Tomorrow! New podcast episode featuring a fab flip up from poet H.E. Fisher and comedian Ellie Dvorkin from the second half of our “aMuse” show. Subscribe on iTunes, AudioBoom, or right here!
H.E. Fisher and Ellie Dvorkin
First, read this personal essay from (wow) 2007, which how our own Kelly Jean Fitzsimmons first met author H.E. Fisher! We are all in on:
I had my annual checkup. Every year, the experience gets increasingly arcane. I’m like an old car: the more miles, the more servicing. I have parts I never knew existed and none of which can be ordered from the manufacturer to be replaced. It becomes a game of maintenance. From a medical perspective, middle age seems to be all about getting into the best shape possible in order to reach the inevitable in one piece. In other words, my job is to stay healthy until I croak.
To achieve this goal, I was told to lose weight, cut my bad cholesterol in half, and lower my blood pressure. The physician handed me a list of foods to stay away from. It included every food that was white, or had salt, sugar, or fat.
Here’s what remained:
- Romaine lettuce.
A few years back I read a fashionable book that was written to help people lower their cholesterol. The author suggested that readers reduce their intake of carrots. Has anyone in the history of cardio infarction ever had the notation in their medical records: CAUSE: CARROTS? Are there people out there blaming their ample midsections on these lovely orange vegetables?
In any case, I did what the doctor said. I don’t eat cheese or red meat anymore. I’ve switched to whole wheat pasta and rice. I try to stay away from carrots. I limit my sweets. I drink decaf with fat-free milk, and green tea. I exercise. And I smile. A lot. Not because I’m so proud of myself for taking care of my body. I am proud. But that’s not what’s behind this ample grin. It’s that I have a plan. A plan that is called Gluttony at 80.
My plan is simple. Stick to a healthy lifestyle – eat well, exercise, meditate, watch Oprah, take my meds. And then, when I turn 80, blow it all to hell.
First up: cheesecake. One from Juniors of Brooklyn, the other from Venieros in the East Village. Next, pastrami on rye with mustard. The real stuff, nothing derived from a turkey. Whatever vein-clogging part of whatever animal it’s made from, that’s what I’m eating. So long as it’s greasy and smoked.
Bread is on the list. Any kind and a lot. With butter.
Anything vegan is out of the question.
Just to make sure I really enjoy myself, I’m going to put myself in the position of having the munchies. Therefore, I will also re-introduce non-prescription drugs into my aged life. I figure I might as well make it a lot of drugs. I haven’t quite worked out how I’m getting them, but my hope is that I will have college-age grandchildren or even greatgrandchild upon whom I can call to hook Granny up with some good shit.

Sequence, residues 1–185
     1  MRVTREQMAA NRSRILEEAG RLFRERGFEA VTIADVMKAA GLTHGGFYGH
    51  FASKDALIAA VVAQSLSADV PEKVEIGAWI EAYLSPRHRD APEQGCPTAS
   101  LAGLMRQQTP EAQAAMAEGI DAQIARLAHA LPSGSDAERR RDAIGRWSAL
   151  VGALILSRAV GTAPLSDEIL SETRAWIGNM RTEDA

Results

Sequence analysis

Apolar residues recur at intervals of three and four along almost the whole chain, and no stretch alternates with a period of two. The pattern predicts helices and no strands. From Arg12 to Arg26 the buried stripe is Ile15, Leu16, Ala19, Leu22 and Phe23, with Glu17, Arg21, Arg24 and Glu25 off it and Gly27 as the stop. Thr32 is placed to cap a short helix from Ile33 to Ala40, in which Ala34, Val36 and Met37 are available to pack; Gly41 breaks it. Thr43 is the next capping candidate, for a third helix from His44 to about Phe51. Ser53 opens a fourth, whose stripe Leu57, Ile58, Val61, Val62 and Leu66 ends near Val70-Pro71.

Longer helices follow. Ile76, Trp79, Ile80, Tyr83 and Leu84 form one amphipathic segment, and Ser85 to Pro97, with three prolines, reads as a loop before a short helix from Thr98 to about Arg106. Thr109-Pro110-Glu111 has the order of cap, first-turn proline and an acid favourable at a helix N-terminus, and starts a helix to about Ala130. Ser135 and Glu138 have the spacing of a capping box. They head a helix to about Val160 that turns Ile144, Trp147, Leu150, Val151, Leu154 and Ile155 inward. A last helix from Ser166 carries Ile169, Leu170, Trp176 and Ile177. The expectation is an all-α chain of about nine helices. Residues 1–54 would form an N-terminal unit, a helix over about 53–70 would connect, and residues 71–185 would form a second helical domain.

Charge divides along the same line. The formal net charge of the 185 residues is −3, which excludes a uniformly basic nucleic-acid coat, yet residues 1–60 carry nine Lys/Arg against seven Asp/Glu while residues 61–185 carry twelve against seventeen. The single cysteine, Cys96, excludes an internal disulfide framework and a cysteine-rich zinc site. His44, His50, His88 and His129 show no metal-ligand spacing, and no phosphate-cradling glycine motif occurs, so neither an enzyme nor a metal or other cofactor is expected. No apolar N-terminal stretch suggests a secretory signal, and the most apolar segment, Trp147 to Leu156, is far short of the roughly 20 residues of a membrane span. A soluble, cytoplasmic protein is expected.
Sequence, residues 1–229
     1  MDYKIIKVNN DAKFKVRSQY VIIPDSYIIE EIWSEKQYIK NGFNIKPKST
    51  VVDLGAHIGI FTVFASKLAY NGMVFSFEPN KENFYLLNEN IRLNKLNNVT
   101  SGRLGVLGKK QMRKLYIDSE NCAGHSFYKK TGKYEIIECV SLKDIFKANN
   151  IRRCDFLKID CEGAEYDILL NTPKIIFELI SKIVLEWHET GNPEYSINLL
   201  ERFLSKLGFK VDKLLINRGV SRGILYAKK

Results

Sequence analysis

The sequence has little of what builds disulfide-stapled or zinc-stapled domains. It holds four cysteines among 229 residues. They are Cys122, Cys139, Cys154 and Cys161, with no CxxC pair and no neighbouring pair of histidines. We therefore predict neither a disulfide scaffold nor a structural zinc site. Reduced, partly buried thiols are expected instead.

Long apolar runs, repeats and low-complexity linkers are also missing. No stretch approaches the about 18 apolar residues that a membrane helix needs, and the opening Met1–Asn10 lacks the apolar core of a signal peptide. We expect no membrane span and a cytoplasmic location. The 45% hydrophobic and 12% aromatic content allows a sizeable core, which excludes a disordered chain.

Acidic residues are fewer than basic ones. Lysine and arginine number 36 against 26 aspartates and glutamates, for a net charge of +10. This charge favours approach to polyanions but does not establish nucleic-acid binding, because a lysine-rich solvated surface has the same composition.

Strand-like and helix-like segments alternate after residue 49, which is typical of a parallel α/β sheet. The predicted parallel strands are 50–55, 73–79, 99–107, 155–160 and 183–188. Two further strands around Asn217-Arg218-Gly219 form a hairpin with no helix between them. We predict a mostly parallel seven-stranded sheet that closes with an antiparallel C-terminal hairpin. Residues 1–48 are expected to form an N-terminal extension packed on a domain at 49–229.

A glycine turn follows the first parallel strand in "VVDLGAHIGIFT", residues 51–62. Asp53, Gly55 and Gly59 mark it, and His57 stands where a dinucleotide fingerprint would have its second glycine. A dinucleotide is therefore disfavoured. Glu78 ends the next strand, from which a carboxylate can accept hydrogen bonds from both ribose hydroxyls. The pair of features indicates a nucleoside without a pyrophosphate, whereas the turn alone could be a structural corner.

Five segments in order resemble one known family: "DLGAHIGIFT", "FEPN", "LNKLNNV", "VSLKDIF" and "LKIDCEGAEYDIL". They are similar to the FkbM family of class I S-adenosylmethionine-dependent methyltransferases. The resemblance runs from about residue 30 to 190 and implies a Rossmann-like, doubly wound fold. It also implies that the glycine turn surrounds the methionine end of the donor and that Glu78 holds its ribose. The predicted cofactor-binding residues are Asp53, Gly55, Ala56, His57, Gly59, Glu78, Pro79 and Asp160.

Now, because I want to eat anything when I turn 80, but will simultaneously desire to retain my slender and fabulously toned physique, I will resume smoking a pack of cigarettes a day. Maybe two. And this time, I’m going for broke. Marlboros. Nothing with reduced nicotine. I will be the de facto poster child for mid-century cigarette campaigns. The Marlboro Nana. My wrinkled face shall grace billboards and magazines all across the country with the words GRANDMA SAYS, “SMOKE!”
The suburbs aren’t conducive to high-end, top-shelf enjoyable gluttony. They’re too judgmental. This plan does not include lectures or sideways looks. Therefore, I am going to have to move back to Manhattan. A nice doorman building on the East Side so that there will always be someone there to help me carry up the groceries and recreational contraband.
Gluttony at 80 will allow me to take certain liberties. My email will be set to a vacation response saying, “I am out and won’t be returning.” I will advise my accountant to roll my retirement savings into fast food conglomerate investments. I will commission a glassblower to create a lead crystal bong with a platinum bowl. I will host a soiree at a gallery space with a single piece of art: a 65 inch flat panel LCD HDTV featuring a continuous loop of one of those insurance commercials in which a geriatric white couple wearing matching velveteen jogging suits power stroll along a sun-dappled wooded path in a perfectly manicured public park, just to hear my guests comment, “How ironic.” At the end of the evening, I will hand out goody bags filled with food made from processed sugar as well as gift certificates from reliable head shops in New Paltz.
Good health requires hard work and dedication, and alas, relinquishing a certain number of temptations. It seems to me that by 80 we all have earned the right to reclaim at least a few of the things that float our boat. Octogenarians should be able to say, “I’m with the band,” and be handed an all-access-pass to life’s pleasures. Until then, I’ll watch my weight, eat well and exercise, always with a smile on my face.